‘Power of Siberia 2’ pipeline via Mongolia to further balance China’s gas import mix: experts
A tanker carrying 155,000 cubic meters of LNG arrives at Zhoushan port in east China’s Zhejiang province. The facility has received 100 LNG ships since August 2018. Data from the General Administration of Customs showed on Wednesday that LNG imports totaled 10.62 million tonnes in September, up 23% year on year. Photo: cnsphoto
The comments came after Mongolian Prime Minister Oyun-Erdene Luvsannamsrai told the Financial Times that he expects Russia to start construction of the “Power of Siberia 2” gas pipeline through Mongolia in 2024, while Moscow is preparing to connect its natural gas fields supplying Europe to Asia.
Although building such pipelines typically takes years, an energy infrastructure project of this scale has huge economic and political implications, experts said, as Russia’s feud with traditional customers in Europe s intensifies amid the Russian-Ukrainian conflict.
While Russia has largely refrained from using natural gas as an economic weapon, the supply of vital fuel has increasingly become a thorny issue as the tit-for-tat escalates between Russia and the US. US-led West.
Reuters reported on Monday that Russia’s Gazprom told European customers it could not guarantee gas supplies due to “extraordinary” circumstances, while the key Nord Stream 1 pipeline undergoes 10-day annual maintenance.
Faced with an energy crisis and economic downturn, the EU has turned to US LNG for relief. For the first time, Europe received more American gas in the form of LNG than Russian gas. The EU intends to wean itself off Russian fossil fuels by 2027, Western media have reported.
Planning for the ‘Power of Siberia 2’ has been under discussion for years, with two alternative routes, one entering China from Russia’s Far East and a western route connecting to the Xinjiang region in the northwest. from China.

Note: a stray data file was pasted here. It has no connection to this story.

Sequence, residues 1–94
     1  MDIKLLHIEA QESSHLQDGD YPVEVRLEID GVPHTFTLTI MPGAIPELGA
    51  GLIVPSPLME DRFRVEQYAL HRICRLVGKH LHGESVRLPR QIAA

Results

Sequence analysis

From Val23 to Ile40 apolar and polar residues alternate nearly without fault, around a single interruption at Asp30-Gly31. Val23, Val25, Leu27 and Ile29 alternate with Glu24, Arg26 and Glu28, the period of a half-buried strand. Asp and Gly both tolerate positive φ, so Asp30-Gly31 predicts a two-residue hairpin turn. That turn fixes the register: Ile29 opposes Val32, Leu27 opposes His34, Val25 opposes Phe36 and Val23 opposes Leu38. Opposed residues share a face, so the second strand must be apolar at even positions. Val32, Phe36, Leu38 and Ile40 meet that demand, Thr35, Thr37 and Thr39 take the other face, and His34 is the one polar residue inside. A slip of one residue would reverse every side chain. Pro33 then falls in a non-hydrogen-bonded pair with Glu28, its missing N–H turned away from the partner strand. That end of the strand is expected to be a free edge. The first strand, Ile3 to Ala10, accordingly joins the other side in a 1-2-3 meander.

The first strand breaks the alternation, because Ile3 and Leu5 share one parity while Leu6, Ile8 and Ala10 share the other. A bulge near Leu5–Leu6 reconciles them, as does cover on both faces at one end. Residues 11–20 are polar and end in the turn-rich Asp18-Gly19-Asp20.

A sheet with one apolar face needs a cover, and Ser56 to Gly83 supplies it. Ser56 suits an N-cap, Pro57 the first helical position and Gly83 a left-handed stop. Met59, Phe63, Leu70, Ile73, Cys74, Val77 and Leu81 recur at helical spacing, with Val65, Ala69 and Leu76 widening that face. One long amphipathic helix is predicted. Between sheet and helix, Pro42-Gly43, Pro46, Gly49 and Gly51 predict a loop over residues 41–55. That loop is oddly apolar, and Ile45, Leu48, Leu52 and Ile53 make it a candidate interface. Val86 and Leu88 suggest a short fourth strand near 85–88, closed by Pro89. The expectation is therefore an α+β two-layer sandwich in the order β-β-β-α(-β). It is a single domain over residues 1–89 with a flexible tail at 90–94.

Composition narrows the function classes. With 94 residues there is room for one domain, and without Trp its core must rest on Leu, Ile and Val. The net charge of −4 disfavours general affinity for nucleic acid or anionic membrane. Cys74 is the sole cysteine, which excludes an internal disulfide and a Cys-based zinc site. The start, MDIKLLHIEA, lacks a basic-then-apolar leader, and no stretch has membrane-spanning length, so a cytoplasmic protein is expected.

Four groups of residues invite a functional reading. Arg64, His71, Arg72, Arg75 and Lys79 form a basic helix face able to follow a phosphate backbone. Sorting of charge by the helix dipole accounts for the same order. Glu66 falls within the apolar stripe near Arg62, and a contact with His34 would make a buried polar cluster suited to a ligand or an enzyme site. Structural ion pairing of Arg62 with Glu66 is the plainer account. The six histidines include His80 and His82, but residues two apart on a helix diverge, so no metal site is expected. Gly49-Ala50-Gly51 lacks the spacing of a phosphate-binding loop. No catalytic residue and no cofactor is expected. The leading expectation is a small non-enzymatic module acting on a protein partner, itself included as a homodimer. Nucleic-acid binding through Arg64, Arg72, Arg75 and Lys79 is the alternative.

Experts said the ‘Power of Siberia 2’, which has a reported capacity of 50 billion cubic meters (bcm) per year and is expected to enter service around 2030, will provide China with more supply alternatives in gas.
Jin Lei, a professor at Beijing-based China Petroleum University, told the Global Times on Tuesday that “Power of Siberia 2” will improve China’s natural gas supply, and that Russia will also benefit from having an additional customer in Mongolia.
China must also systematically expand its underground gas storage facilities to prepare for an increase in the volume of gas imports in the coming years, Jin said, noting that as Russia begins to increase supply gas by pipeline to China, storage capacity becomes an issue.
Chinese experts noted the irony in the US and UK suggesting that China could replace the EU’s role as the main user of Russian gas, after torpedoing the Nord Stream 2 project, completing the last year.
About half of China’s total natural gas consumption is imported, and about two-thirds of imported gas comes in the form of LNG. Australia represents 40% of Chinese LNG imports and the United States 10%.
China is the world’s largest importer of natural gas. As the shift from coal to gas continues and the country aggressively pursues carbon neutrality, China’s natural gas consumption in 2021 increased by 19.9% to 121.36 million tons. In value, natural gas imports reached 360 billion yuan ($53.4 billion) in 2021, up 56.3% from 2020. The price of the pipeline is considered relatively stable.
Russian gas exports to China through the “Power of Siberia” continued to increase in volume, and in the first six months of this year they increased by 63.4%, Sputnik reported on July 15. , citing Gazprom.